Build Your Career Marketability

Dawn Rasmussen is a frequent speaker on the topic of career management — she has been quoted in the Chicago Tribune, CBSMoneyWatch, Christian Science Monitor, and Careerbuilder.com on career-related topics, and she is a recognized career expert on Careerealism.com. She is also the author of the new book Forget Job Security: Build Your Marketability, which aims to provide career management strategies in easy-to-understand terms — to help readers prepare for new employment opportunities or to handle unplanned job transitions. We spoke to Rasmussen about her new book and her advice on career management.

Monster: Your book talks about “career management strategies.” For or someone who hasn’t been proactively managing his or her career, what are some first steps to developing a strategy?

Dawn Rasmussen: Career management is all about transforming your thinking about your working life.  Developing a career management strategy means grasping and understanding the tools around you that shape your career destiny — this includes knowing what your career goals are and having an updated resume that has compelling, quantifiable results; building a vibrant network of meaningful contacts; volunteering and giving back as a generous expert; honing your value proposition to current or future employers; cultivating a strong personal brand; creating a vibrant online presence; and fostering an understanding of your career options. It’s all about how your next move will be a bridge to your desired career goals.

Monster: What would you say to someone who thinks she doesn’t need career management — someone who just wants any job?

DR: Anyone who decides that they don’t need to target or focus runs the risk of doing the shotgun approach — firing away blindly and hoping that, eventually, they hit something. Instead, think of a career management strategy as your laser-guided scope.  With so many companies using applicant-tracking software (ATS) to scan resumes, it’s critical to create a concentrated strategy that is targeted to a specific theme area — this is the best way to match what you offer to an employer’s needs.  If you aren’t focused, you cannot possibly build a path towards a goal because you are too generalized.  Knowing where you want to go and then developing the road map that gets you there is what career management is all about!

Monster: How has career management changed in the past 10 or 15 years? What do people have to do now that they didn’t have to before?

DR: It used to be that people held one job over their lifetime. But things have changed — and workplace loyalty is gradually dying out. Now people stay with an employer only until the next better job offer comes along. And similarly, employers keep people on board only as long as they are useful.  So now the focus has changed from being a passive employee to being a career activist who demonstrates value to not just a current employer but also future ones.  Put yourself in the boss’s shoes: What are their pain points and how are you going to solve them? Understanding this perspective can help you build your career management plan around being an employee that delivers value to a company.  Another important thing to know is that in order to show how you solve problems, you need to keep track of your current work. Create a career management file that includes performance reviews, staff reports, company reports, or any other metric that can measure on-the-job progress.  And never, ever, stop learning — strategically plan out what classes, workshops, and conferences you are going to take in the coming year so you keep adding to your on-the-job expertise. In short, it’s all about keeping everything in motion all the time, versus only paying attention to it only when you have to.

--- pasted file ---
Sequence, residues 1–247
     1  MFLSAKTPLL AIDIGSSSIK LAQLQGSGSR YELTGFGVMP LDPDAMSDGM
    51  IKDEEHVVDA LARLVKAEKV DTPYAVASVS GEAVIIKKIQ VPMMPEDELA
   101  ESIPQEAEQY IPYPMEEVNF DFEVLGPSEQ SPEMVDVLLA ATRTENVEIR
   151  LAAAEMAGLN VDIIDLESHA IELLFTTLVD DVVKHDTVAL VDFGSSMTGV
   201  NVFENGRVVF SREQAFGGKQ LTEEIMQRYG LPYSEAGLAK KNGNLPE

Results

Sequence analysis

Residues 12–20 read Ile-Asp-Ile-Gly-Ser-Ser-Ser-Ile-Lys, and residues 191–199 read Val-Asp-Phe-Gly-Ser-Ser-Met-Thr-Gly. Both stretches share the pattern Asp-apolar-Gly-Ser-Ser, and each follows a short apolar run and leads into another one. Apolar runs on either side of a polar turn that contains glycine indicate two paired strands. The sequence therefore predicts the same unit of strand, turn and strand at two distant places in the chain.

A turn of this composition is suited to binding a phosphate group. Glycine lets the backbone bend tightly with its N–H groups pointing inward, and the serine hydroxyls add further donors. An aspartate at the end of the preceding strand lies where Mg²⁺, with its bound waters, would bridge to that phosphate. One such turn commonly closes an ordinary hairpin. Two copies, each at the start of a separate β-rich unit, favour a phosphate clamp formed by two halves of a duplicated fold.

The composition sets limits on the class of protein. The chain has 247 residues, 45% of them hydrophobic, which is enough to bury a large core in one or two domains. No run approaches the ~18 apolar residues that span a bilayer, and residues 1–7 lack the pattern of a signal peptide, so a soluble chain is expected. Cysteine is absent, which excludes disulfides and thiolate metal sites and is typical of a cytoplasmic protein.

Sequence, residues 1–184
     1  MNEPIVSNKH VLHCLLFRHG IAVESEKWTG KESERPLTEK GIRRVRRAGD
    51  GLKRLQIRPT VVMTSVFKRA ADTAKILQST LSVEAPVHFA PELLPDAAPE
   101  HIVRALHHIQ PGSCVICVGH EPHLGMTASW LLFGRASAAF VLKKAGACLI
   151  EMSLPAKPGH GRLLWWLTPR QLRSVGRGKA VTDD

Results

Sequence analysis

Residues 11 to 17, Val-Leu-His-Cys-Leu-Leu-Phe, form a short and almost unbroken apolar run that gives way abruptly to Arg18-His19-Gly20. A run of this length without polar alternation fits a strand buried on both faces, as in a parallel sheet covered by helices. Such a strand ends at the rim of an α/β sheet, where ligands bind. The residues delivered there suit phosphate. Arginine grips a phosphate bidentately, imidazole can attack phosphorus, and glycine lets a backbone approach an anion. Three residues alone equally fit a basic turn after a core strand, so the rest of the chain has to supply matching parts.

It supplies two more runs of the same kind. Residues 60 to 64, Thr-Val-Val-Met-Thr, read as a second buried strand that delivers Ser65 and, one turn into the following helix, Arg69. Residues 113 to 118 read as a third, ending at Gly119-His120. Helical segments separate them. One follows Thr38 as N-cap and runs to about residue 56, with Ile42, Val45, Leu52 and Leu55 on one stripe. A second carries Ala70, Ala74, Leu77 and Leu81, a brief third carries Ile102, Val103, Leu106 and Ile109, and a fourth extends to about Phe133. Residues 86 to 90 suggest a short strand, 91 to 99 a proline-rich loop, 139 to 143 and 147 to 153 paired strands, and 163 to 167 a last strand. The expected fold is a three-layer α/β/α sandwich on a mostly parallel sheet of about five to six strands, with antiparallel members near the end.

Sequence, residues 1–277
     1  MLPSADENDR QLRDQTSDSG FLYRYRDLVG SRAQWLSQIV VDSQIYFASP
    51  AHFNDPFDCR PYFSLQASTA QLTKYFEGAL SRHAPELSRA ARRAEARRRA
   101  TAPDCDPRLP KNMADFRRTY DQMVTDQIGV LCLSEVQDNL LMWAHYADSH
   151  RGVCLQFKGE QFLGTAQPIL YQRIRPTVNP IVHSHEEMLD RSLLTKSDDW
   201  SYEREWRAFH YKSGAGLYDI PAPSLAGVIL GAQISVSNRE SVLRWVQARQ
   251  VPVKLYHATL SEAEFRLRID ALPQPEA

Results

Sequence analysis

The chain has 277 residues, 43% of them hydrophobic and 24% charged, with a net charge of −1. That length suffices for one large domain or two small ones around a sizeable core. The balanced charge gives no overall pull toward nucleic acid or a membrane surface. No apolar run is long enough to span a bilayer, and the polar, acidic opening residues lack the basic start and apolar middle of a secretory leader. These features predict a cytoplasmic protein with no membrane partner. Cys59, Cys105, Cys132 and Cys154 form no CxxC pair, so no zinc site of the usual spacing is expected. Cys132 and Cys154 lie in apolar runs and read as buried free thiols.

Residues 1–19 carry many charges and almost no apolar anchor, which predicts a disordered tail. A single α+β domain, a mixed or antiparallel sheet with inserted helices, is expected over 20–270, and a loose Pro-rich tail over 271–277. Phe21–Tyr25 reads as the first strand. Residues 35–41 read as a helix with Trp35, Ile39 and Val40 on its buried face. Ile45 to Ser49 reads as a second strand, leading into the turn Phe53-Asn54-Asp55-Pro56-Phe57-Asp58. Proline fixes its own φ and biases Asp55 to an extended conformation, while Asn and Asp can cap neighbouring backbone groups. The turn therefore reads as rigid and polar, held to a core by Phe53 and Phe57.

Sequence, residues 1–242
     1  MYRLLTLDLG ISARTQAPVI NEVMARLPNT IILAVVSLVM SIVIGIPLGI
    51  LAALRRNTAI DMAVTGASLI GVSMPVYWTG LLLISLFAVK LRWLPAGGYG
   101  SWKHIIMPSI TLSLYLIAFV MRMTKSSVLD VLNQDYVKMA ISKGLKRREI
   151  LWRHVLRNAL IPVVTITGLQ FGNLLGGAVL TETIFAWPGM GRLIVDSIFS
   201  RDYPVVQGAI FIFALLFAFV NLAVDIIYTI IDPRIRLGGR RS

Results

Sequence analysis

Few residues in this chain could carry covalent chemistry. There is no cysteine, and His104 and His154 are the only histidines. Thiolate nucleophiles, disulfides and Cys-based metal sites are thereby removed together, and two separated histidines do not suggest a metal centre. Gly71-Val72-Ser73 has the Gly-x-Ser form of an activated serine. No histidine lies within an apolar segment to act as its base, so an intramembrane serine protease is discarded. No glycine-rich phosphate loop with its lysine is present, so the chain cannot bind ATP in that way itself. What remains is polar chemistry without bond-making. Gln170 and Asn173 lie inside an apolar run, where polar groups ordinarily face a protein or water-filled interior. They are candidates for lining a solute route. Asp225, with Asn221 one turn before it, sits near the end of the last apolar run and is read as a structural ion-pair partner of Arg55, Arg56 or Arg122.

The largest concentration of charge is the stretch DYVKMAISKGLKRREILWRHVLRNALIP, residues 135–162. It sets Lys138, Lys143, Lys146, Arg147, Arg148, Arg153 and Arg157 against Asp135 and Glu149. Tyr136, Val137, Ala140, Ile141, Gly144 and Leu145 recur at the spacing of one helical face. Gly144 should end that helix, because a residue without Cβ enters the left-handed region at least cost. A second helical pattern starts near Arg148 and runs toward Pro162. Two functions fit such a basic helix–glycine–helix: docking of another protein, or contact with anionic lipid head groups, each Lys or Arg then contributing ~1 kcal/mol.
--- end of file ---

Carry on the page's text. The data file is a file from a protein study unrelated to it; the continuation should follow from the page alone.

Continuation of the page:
Monster: Your book also discusses “unplanned job transitions” — what are steps someone should take after being unexpectedly laid off from a job?

DR: Before anyone is ever handed a pink slip, having a resume that is updated every six months at the minimum will put you ahead of the game in the event that you do lose your job. You won’t be scrambling at the last minute to try and pull something together; instead, you’ll have some minor tweaks to make, but you’ll be confident that your credentials are up-to-date and demonstrate value to employers. Then you can get right into focusing in on potential job targets and applying.  Additionally, by being an active career manager, you’ve build up a robust network and strong online presence that are your “go-to” connections to start probing for potential employment opportunities. Maintaining professional industry memberships is key to having access to the types of connections that can provide “back door” introductions to hiring decision makers.  Being able to hit the ground running after a layoff or termination is going to be crucial to how fast you find your next job.

Monster: What is the primary thing — whether it’s a new skill or a new way of thinking — that you want readers of your book to take away?

DR: You can’t coast along and expect things to land in your lap. You know those people who always seem to have headhunters calling them? They are the people who have managed their careers so carefully that they attract opportunity to them versus having to search for it.  The secret to success like this is if you aren’t thinking about your next career move right now, and understanding the things that can lead you to achieving it, you’ve become complacent.  Be mindful that every single thing you do every single day adds up into the bigger picture of your career brand and who sees it.  That’s what this book covers: the meaty “how-tos” of building this mindset and orchestrating opportunity in your direction.

>> For more tips, read “How to Decide If You Need a Career Change.”

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